The Manufacturers Association of Nigeria (MAN) has asked the federal government to issue its members licenses to import diesel from the Republic of Niger and Chad, Nigeria’s neighbouring countries, in order to avert the avoidable monumental paralysis of manufacturing activities that could arise from total shut down of production operations.
The demand by the manufacturers follows the recent astronomical increase in the price of diesel with negative consequences for the manufacturing sector and the larger economy.
The demand by the manufacturers is contained in a press statement issued by the Director-General of MAN, Mr Segun Ajayi-Kadir, on Friday.
The MAN also tasked the government to develop a response strategy to address challenges emanating from the armed conflict between Russia and Ukraine.
The press release was titled ‘The Position of MAN on the Recent Increase in the Price of Automotive Gas Oil (AGO)’, popularly called diesel, which MAN stated that its price went up by over 200%.
Manufacturers Urge FG To Grant Them Licenses To Import Diesel From Niger And Chad
The MAN in the statement said, “In light of the gravity of the precarious situation that we have found ourselves as a nation and the looming dangers ahead, the expectations of manufacturers in Nigeria are as follows: that government should urgently allow manufacturers and independent petroleum products marketing companies to also import AGO from the Republic of Niger and Chad by immediately opening up border posts in that axis in order to cushion the effect of the supply gap driven high cost of AGO.”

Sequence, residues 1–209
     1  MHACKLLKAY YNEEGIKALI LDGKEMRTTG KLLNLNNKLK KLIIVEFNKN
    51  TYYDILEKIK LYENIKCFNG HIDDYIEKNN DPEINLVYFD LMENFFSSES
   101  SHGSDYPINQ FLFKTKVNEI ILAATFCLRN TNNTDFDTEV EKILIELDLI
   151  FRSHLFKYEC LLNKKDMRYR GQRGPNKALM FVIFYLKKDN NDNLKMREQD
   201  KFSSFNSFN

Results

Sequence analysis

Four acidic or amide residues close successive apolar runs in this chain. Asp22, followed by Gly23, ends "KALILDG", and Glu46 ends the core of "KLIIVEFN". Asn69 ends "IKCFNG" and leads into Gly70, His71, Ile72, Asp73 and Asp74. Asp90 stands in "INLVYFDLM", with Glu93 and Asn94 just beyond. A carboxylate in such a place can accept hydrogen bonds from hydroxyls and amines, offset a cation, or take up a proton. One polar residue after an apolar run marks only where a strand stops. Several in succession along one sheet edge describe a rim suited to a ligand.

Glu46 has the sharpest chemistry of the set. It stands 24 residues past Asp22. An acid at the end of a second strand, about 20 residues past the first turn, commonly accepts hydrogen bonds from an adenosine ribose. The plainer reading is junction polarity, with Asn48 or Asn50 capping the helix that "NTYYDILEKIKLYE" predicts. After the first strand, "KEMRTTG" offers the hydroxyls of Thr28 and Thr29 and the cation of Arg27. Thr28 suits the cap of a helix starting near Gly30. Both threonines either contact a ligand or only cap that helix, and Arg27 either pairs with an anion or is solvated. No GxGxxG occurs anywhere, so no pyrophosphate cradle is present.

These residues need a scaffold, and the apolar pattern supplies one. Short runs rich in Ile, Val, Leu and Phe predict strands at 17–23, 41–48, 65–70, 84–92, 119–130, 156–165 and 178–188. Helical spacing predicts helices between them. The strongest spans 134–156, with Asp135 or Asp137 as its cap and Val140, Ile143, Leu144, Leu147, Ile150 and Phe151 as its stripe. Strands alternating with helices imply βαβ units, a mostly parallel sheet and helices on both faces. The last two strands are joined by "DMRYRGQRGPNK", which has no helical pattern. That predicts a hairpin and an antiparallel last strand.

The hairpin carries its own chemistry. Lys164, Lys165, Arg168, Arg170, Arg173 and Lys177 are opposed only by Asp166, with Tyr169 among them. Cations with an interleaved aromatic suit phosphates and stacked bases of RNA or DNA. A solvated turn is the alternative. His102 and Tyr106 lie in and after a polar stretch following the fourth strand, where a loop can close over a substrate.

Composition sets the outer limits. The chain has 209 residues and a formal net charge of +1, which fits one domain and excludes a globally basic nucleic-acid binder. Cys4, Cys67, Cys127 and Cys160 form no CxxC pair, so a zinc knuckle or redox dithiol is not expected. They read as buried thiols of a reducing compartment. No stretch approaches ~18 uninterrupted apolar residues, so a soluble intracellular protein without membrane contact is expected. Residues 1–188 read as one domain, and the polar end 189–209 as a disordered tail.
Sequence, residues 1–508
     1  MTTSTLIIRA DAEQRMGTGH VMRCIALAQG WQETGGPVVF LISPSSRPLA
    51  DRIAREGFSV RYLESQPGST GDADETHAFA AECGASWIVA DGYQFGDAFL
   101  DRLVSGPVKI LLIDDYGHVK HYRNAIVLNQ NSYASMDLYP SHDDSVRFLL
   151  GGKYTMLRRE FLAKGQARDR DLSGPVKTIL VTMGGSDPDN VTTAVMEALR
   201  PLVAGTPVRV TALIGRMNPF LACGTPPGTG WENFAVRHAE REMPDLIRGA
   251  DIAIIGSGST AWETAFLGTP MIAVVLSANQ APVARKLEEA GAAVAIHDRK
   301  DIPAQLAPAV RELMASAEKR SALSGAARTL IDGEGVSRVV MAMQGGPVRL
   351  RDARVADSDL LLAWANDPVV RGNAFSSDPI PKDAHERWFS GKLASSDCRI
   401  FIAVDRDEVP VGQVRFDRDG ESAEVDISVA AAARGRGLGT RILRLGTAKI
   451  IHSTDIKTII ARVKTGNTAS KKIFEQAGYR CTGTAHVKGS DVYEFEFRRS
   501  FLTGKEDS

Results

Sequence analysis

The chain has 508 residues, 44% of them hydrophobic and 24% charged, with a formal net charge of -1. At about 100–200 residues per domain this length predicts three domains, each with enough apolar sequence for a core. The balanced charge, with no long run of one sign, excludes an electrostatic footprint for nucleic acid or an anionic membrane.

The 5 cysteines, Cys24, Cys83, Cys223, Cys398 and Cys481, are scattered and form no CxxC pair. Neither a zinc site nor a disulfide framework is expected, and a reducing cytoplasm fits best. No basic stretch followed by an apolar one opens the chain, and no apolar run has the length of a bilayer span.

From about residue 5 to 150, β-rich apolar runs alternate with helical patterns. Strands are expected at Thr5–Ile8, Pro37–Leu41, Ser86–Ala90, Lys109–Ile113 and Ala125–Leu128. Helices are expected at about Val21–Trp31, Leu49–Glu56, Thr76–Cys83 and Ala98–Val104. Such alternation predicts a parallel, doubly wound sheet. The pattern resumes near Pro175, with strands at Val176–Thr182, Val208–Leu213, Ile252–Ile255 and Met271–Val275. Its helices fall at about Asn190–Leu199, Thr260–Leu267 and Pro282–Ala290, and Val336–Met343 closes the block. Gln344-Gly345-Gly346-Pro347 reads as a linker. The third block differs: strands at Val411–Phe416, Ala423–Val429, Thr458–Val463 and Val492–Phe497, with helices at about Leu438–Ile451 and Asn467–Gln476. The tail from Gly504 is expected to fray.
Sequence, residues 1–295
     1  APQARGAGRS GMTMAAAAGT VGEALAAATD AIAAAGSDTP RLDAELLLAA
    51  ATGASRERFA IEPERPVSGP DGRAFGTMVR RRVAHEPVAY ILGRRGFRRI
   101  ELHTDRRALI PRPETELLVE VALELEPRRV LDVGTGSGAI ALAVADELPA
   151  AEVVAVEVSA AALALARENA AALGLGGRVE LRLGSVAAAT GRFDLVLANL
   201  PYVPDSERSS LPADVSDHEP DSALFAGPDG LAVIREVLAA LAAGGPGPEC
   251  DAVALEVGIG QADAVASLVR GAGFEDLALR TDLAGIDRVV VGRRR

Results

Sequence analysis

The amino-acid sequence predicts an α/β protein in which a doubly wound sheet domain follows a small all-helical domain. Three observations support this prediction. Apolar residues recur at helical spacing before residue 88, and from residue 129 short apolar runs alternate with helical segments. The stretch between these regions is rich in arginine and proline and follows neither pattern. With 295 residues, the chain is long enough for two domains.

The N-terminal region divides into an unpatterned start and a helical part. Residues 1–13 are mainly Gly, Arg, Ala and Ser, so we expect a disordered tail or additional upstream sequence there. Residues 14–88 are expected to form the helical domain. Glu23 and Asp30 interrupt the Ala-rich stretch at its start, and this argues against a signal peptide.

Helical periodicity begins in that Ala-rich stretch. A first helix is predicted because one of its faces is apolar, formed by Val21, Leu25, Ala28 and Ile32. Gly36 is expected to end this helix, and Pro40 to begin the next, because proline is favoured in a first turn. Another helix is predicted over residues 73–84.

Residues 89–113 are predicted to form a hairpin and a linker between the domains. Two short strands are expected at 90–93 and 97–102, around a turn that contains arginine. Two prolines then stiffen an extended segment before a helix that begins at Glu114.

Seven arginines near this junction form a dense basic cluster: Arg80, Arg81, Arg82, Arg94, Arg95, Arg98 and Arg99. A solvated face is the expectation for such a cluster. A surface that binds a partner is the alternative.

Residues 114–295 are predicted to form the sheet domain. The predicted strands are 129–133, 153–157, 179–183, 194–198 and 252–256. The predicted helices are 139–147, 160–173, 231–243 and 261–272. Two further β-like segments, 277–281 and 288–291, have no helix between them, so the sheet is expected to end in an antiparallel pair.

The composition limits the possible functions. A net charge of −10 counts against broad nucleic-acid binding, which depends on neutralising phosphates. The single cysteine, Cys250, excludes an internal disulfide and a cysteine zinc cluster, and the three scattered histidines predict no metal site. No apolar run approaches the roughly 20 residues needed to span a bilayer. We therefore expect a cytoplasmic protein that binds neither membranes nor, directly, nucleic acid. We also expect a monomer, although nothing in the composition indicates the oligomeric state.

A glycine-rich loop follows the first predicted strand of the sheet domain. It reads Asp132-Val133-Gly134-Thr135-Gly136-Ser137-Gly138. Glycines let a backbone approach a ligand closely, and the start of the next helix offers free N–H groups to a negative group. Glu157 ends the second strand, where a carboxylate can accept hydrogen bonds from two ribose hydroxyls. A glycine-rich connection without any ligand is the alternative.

The association also asked the government, ‘’To issue licenses to manufacturing concerns and operators in the aviation industry to import diesel and aviation fuel directly to avert the avoidable monumental paralysis of manufacturing activities arising from total shut down of production operations and movement of persons for business activities.”
Ajayi-Kadir pointed out that Nigerian manufacturers are worried about the implications of the over 200% increase in the price of diesel on the Nigerian economy and the manufacturing sector.
He said, “More worrisome is the deafening silence from the public sector as regards the plight of manufacturers. Four obvious questions that readily come to mind that are seriously begging for answers are: What can we do as a nation to strengthen our economic absorbers from external shocks?
Should manufacturing companies that are already battered with multiple taxes, poor access to foreign exchange and now over 200 per cent increase in price of diesel be advised to shut down operations? Should we fold our arms and allow the economy to slip into the valley of recession again? Is the nation well equipped to manage the resulting explosive inflation and unemployment rates?”
MAN also stressed on the need for the government to address the issue of constant collapse of the national grid, which is causing acute electricity shortage in the country, especially for manufacturers, adding that government should remove VAT on diesel as part of the immediate incentive to help reduce its price and expedite action in reactivating or privatising the public refineries in the country.